Mark Schmitt is a senior fellow at the Roosevelt Institute and former editor of The American Prospect.
It's a choice between "kids' safety" and "tax breaks for corporate jets" according to President Obama's clearest explanation of the budget showdown in a press conference last Wednesday. The Republicans' staggering refusal to consider even the most minimal efforts to close tax loopholes — because it would cross the line of their blood-oath to tax lobbyist Grover Norquist — was boiled down to the tangible phrase, repeated six times, "corporate jets."
The reaction, especially but not exclusively on the right, was disparaging. It was simultaneously "class warfare" and futile. Charles Krauthammer went on Fox to announce smugly, "I did the math on this. If you collect the corporate jet tax every year for the next 5,000 years, you will cover one year of the debt that Obama has run up." Others pointed out that Obama had earlier supported the tax break (technically, accelerated depreciation for jet purchases) as a form of economic stimulus. National Journal compared it to the luxury tax on high-end boats enacted in a 1990 budget deal, which caused fat cats to postpone replacing their yachts until the tax was predictably repealed, but devastated the small companies that build and outfit boats.
But it's not about corporate jets. It was never meant to be about corporate jets. It's about a tax code riddled with subsidies for unproductive activities and that exacerbates unprecedented economic inequality. "Corporate jets" was a metaphor, folks. And a particular type of metaphor — synecdoche, a part that represents the whole.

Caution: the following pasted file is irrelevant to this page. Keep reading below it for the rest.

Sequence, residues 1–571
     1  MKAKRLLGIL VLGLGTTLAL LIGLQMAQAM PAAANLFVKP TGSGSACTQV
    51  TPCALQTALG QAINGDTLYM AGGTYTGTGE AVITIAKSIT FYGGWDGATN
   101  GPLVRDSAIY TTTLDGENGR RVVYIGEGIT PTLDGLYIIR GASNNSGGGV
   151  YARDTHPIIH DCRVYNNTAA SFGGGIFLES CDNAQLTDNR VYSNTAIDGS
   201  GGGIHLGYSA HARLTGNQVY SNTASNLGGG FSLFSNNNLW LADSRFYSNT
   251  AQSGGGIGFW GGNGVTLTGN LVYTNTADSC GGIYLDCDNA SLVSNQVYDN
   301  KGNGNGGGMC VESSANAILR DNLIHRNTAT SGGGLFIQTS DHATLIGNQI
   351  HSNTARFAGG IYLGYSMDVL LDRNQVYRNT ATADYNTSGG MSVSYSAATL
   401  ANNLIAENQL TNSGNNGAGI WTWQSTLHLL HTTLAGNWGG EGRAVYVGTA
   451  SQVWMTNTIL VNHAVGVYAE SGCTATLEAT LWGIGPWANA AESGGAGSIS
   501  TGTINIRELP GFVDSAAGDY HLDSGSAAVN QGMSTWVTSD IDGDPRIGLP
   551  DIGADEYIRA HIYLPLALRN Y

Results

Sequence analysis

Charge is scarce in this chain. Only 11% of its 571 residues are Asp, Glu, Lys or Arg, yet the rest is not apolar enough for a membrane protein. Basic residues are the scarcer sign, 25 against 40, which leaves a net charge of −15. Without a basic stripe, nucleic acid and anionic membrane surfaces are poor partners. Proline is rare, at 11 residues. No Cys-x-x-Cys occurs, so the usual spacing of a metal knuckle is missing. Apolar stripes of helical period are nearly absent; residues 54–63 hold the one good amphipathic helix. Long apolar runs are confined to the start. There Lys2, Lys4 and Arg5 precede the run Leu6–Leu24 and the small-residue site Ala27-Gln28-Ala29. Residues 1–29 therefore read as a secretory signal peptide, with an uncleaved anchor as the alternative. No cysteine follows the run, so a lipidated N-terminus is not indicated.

THE "CORPORATE JETS" metaphor didn't seem to work. Listeners heard the part, not the whole. This is not another in the litany of complaints about Obama's rhetorical failures or his negotiating skills — it's a standard-issue failure for Democrats that long precedes Obama's arrival on the national stage. You can hear it in the language of Senators Chuck Schumer, Harry Reid, and others. Absorbing the high-priced advice of academic consultants like George Lakoff and Drew Westen, who market banalities dressed up in the glam clothing of linguistics and neuroscience, they learn that they should speak in powerful metaphors rather than broader policy abstractions. But consistently, they fail.
Remember, for example, in 2004 when John Kerry and other Democrats launched an attack on "the Benedict Arnolds" — companies that had moved their headquarters, typically to Bermuda, to minimize their U.S. taxes? The actual Benedicts were very few, but the phrase was meant to be heard as a metaphor for all companies that were moving jobs overseas. Or, more recently, the scheduled repeal of the estate tax was labeled "the Paris Hilton tax cut," identifying it with the best-known and, on the televised and internet evidence, least productive of heiresses. It didn't seem to have much impact on the politics of the estate tax, however, presumably because voters and members of Congress had already absorbed the Republicans' less metaphorical, but false, claim that most of the estates taxed would be small farms and corner stores.